• Arlette Darfeuille-Michaud,

    Affiliations M2iSH, UMR1071 Inserm, Université d'Auvergne, USC-INRA 2018, Clermont-Ferrand, France, Service de Bactériologie, CHU, Clermont-Ferrand, France, Institut Universitaire de Technologie, Génie Biologique, Aubière, France

  • Nicolas Barnich

    Affiliations M2iSH, UMR1071 Inserm, Université d'Auvergne, USC-INRA 2018, Clermont-Ferrand, France, Institut Universitaire de Technologie, Génie Biologique, Aubière, France

Point Mutations in FimH Adhesin of Crohn's Disease-Associated Adherent-Invasive Escherichia coli Enhance Intestinal Inflammatory Response

  • Nicolas Dreux, 
  • Jérémy Denizot, 
  • Margarita Martinez-Medina, 
  • Alexander Mellmann, 
  • Maria Billig, 
  • Dagmara Kisiela, 
  • Sujay Chattopadhyay, 
  • Evgeni Sokurenko, 
  • Christel Neut, 
  • Corinne Gower-Rousseau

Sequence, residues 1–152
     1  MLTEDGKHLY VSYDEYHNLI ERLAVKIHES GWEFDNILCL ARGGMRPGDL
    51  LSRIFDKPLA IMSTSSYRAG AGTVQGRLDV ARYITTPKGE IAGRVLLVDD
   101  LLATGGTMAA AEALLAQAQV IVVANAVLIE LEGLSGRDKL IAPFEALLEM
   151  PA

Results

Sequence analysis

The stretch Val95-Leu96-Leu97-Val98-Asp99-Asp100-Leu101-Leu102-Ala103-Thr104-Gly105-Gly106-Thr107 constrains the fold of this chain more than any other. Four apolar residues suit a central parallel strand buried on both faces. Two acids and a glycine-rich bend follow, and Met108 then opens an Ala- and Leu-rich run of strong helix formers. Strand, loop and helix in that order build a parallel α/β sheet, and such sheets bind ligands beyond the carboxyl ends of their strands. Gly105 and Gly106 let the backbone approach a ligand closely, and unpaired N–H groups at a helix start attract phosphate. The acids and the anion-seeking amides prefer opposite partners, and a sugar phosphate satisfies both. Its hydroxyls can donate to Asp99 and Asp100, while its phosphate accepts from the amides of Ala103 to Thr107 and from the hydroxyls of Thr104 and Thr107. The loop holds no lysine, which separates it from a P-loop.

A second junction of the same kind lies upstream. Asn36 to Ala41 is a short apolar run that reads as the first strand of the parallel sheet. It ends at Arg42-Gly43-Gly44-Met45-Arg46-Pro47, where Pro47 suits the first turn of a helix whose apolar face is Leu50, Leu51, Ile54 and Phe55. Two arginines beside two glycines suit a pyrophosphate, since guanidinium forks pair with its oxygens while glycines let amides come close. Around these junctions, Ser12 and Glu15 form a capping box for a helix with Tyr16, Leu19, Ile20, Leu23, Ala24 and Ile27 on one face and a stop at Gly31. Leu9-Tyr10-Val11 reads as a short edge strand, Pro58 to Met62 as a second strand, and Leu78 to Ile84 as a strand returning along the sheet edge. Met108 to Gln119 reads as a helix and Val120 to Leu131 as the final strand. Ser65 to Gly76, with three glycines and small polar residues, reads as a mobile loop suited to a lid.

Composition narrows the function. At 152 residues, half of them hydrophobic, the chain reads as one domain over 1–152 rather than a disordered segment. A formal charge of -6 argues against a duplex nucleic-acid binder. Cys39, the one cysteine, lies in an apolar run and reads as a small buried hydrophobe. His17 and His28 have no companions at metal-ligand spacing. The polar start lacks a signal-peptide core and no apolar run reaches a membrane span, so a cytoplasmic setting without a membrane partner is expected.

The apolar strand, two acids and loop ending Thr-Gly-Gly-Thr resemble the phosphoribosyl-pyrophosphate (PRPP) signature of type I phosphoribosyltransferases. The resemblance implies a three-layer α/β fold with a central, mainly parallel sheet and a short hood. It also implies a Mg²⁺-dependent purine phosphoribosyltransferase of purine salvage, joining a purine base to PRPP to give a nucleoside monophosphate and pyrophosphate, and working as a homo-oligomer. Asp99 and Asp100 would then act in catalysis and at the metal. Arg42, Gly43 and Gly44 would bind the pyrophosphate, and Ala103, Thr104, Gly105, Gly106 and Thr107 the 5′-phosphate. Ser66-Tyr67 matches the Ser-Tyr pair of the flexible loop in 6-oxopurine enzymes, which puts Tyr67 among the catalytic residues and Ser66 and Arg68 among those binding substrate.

Adherent-invasive Escherichia coli (AIEC) are abnormally predominant on Crohn's disease (CD) ileal mucosa. AIEC reference strain LF82 adheres to ileal enterocytes via the common type 1 pili adhesin FimH and recognizes CEACAM6 receptors abnormally expressed on CD ileal epithelial cells. The fimH genes of 45 AIEC and 47 non-AIEC strains were sequenced. The phylogenetic tree based on fimH DNA sequences indicated that AIEC strains predominantly express FimH with amino acid mutations of a recent evolutionary origin - a typical signature of pathoadaptive changes of bacterial pathogens. Point mutations in FimH, some of a unique AIEC-associated nature, confer AIEC bacteria a significantly higher ability to adhere to CEACAM-expressing T84 intestinal epithelial cells. Moreover, in the LF82 strain, the replacement of fimHLF82 (expressing FimH with an AIEC-associated mutation) with fimHK12 (expressing FimH of commensal E. coli K12) decreased the ability of bacteria to persist and to induce severe colitis and gut inflammation in infected CEABAC10 transgenic mice expressing human CEACAM receptors. Our results highlight a mechanism of AIEC virulence evolution that involves selection of amino acid mutations in the common bacterial traits, such as FimH protein, and leads to the development of chronic inflammatory bowel disease (IBD) in a genetically susceptible host. The analysis of fimH SNPs may be a useful method to predict the potential virulence of E. coli isolated from IBD patients for diagnostic or epidemiological studies and to identify new strategies for therapeutic intervention to block the interaction between AIEC and gut mucosa in the early stages of IBD.